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Know your cholesterol level to avert potential complications

<p><span style="font-family: helvetica;"><img src="/nairobi/PublishingImages/HBP%20body.jpg" alt="" style="margin: 5px;"/>​</span></p><p><span style="font-family: helvetica;">Cholesterol is a lay term used to describe lipid molecules that deposit on the arterial wall and slowly cause narrowing, distortion or blockage of the vessel. Lipid particles are manufactured in the liver, upon absorption of fatty globules from the intestines. Once manufactured in the liver, they are released into the blood where they are responsible for a variety of biological functions. The lipid particles exist in different forms, each with different properties. Generally small particles, such as low density lipoprotein (LDL) are more likely to percolate the wall of the blood vessel, where they get deposited and cause inflammation, a process known as atherosclerosis. The progressive inflammation, causes narrowing of the vessel and rupture of the atherosclerotic plaque and clot formation that causes heart attacks, stroke and blockage of arteries. The deformation of the blood vessaels also causes aneurysms of the aorta for example, which could rupture with serious consequences including death.
</span></p><p><strong style="font-family: helvetica;"> Is cholesterol synonymous with body fat that causes obesity?</strong></p><p><span style="font-family: helvetica;">No. Indeed, many people are surprised when told the BMI is normal yet the blood cholesterol is high. On the other hand, some obese people may have normal blood cholesterol. The two differ in that the body fat that causes obesity are fat globules stored under the skin when the body cannot process excess fat; whereas blood cholesterol are lipoprotein particles that circulate in the blood and contribute to the development of plaque build-up in the arteries.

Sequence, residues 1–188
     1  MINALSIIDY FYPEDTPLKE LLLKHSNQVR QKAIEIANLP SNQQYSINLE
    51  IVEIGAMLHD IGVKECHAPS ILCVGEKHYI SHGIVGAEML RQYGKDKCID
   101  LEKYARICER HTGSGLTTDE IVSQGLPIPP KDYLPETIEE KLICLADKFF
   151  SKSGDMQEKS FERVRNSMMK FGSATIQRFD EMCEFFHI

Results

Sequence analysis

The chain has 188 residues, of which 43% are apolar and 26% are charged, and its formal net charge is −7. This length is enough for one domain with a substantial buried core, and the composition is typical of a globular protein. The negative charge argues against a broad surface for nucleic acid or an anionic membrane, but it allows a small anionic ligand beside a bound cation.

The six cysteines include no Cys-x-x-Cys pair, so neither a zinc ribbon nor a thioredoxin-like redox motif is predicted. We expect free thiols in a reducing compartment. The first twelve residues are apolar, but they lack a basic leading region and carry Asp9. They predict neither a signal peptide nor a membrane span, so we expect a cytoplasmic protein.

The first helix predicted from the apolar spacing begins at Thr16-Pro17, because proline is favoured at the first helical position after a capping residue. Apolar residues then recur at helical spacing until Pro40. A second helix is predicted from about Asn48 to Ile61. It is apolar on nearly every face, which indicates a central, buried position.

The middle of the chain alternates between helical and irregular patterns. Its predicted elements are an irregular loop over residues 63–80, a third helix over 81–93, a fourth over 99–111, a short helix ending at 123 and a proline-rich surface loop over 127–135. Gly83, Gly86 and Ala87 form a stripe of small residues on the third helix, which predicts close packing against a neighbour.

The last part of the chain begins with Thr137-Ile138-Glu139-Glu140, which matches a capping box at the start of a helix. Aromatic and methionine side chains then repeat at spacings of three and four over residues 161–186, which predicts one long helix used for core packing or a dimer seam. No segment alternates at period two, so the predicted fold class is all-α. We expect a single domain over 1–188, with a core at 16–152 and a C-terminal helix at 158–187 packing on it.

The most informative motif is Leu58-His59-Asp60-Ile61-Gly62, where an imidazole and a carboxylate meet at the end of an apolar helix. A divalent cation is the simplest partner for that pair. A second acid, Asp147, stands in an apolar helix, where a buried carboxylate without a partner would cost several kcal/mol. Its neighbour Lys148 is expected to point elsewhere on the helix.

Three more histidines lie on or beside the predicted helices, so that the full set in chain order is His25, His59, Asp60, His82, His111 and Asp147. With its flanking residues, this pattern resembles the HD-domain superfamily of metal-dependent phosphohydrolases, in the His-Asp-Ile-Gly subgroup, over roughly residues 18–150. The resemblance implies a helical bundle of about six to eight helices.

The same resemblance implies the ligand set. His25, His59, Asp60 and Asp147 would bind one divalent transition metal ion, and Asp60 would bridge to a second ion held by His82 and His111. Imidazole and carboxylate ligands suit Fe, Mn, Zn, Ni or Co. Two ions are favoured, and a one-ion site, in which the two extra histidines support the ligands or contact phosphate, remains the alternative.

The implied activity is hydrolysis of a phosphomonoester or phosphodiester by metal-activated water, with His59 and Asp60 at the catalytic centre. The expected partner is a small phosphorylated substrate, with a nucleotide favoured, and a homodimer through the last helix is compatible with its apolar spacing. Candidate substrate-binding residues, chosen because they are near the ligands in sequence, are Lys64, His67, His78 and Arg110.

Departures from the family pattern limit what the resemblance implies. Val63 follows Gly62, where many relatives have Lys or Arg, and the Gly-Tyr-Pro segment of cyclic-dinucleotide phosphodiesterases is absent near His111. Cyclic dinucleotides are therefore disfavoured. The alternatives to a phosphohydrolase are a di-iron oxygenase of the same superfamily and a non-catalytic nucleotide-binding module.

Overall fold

</span></p><p><strong style="font-family: helvetica;">How common are lipid disorders in Kenya?</strong></p><p><span style="font-family: helvetica;">According to data from the Kenya Ministry of Health (2015) the prevalence of cholesterol for adults was 7.3% for men and 12.8% for women.  These figures are on the rise with the cities carrying most of the burden.
</span></p><p><span style="font-family: helvetica;">Recent data is showing rising obesity levels in the village communities and in children as well. A survey conducted in 2014 showed that nationally 5% of Kenyan children aged 0–59 months are overweight (5.5% male vs. 3.8% female). The highest prevalence in overweight among children was found in Central region (6.9%) and lowest in North Eastern (3.1%).
</span></p><p><span style="font-family: helvetica;"><strong>Is it true that elevated cholesterol causes heart attacks and stroke?</strong>
</span></p><p><span style="font-family: helvetica;">Multiple studies conducted have consistently shown a clear correlation between the level of cholesterol and the likelihood of developing a heart attack or stroke. There is a clear correlation between the level of blood cholesterol and the extend of plaque build-up in the arteries.
</span></p><p><span style="font-family: helvetica;">In addition, treatment of lipid disorders has been shown to lower possibility of heart attack and stroke.
</span></p><p><span style="font-family: helvetica;">The likelihood of developing heat attack increases in those who smoke, have hypertension or diabetes and those with family history of heart attack.
</span></p><p><strong style="font-family: helvetica;">What causes lipid disorders?</strong></p><p><span style="font-family: helvetica;">Lipid disorders arise from a multiplicity of conditions. These include liver disease, excessive alcohol consumption, diabetes, thyroid disease, pancreatic disorders and genetic abnormalities. These are compounded by unhealthy dietary habits and sedentary lifestyles.</span></p><p><span style="font-family: helvetica;">Genetic abnormalities are particularly important because these patients have elevated cholesterol early in their lives as this leads to early plaque build-up in the arteries and premature heart attack and stroke. Genetic abnormalities commonly run in families and patients are particularly advised to have their cholesterol checked if heart attack has affected a first degree relative who is younger than 40 years for men and 50 years for women.